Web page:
The end of the school year is approaching and for some of us, the end of our undergrad! As upper years, we’ve experienced academic highs and lows, and group projects of all kind. This group project in particular, was definitely one of the most memorable experiences our undergrad.
In this blog post, we’d like to share with you the final moments of this community-centered effort:
Probably the biggest moment of significance we’ve experienced thus far was our Infographic presentation. Not only did we get to showcase a term’s worth of effort, but we also got to interact with classmates and various visitors to learn about all of the projects and activities that everyone worked so hard on!
Here is our infographic!
The moments leading up to our presentation were full of plenty of group discussions. In order to create a meaningful infographic poster that was both engaging and insightful, we had to refer back to our course concepts. This included our AER papers and our lectures/discussions on ethnicity in the food system, asset-based community development, and the local Vancouver food movements.
- We used the AER outlines to give our poster and clear and definite structure. This way, no matter how the infographic was graphically designed, the message it conveyed was preserved.
- Secondly, we drew upon our discussions on ethnicity to provide context to our poster. As the Sustenance Festival aims to promote a more inclusive and culturally diverse food movement, we felt that the points made in class helped to strengthen the project’s significance. In our interactions with other students, we were also able to refer back to the Chinese-Canadian farmers topic that Colin referred to in class.
- Next, we used the idea of asset-based community development (ABCD) to provide an introduction to our project. Since our podcast project was driven by the Sustenance Festival’s community listening campaign in 2017, we felt it important to emphasize their asset-based approach in an intriguing hook to audiences. With many of the participants being our fellow classmates, we believe that using a class-discussed concept like ABCD would be a surefire way to connect with them.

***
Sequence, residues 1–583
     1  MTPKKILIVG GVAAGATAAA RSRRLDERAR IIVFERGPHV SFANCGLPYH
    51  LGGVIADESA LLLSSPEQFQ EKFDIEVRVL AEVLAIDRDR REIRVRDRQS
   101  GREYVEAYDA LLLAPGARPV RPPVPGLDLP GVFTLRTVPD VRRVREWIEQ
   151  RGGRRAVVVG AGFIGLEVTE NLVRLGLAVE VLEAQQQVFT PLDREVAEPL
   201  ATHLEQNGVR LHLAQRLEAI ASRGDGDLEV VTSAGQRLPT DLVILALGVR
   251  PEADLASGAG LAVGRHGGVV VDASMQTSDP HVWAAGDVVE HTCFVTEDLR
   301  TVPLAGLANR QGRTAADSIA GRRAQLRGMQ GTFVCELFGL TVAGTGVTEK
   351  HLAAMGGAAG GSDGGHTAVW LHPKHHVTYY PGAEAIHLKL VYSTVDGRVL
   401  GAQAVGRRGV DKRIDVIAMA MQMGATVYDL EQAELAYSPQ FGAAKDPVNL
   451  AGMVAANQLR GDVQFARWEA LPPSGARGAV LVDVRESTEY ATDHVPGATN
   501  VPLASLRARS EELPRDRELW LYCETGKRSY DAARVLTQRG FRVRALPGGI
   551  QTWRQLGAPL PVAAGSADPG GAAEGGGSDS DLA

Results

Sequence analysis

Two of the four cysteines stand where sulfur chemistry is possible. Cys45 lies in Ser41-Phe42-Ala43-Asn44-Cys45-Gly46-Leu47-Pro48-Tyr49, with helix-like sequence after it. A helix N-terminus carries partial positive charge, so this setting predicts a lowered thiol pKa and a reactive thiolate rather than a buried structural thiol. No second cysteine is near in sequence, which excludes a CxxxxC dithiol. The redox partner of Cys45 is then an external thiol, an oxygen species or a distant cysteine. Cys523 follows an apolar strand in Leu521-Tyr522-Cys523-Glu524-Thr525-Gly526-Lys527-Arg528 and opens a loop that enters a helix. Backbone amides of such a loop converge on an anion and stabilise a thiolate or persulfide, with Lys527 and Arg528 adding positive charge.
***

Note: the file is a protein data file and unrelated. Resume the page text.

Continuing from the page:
- Finally, in our talks, we related our project to the other projects in LFS 350 by integrating them into the local Vancouver food movement. By putting things into perspective, we believed that audiences would be better able to how all our combined efforts were somehow working to change the food system.
Although we had finished the infographic and presentation, we will still use it as a reference and going to write our final report based on the content we put in the infographic. With the final report coming up, we’re working extensively on writing it! However, due to some drawbacks (in script approval), our group is also focused on writing our scripts and compiling our podcasts. Since we have already identified the significance, method, purpose, and implication when we were completing infographic, it will not take us long to continue finishing them in the final report.
This project was a unique and challenging learning experience that taught us how to work with community partners, diverse teammates, and social issues surrounding food. We hope to these podcasts will be a tool used to open people’s minds towards cultural activities within the Vancouver food movement.
Firstly, we’d like to thank our community partners: Brenda, Steph, and Rebecca for their cooperation and efforts towards inclusivity in Vancouver. We also want to thank Tori, our TA, and Will, our professor, for guiding us on this journey. We had a lot of fun working on this and look forward to the development of future projects for the Sustenance Festival!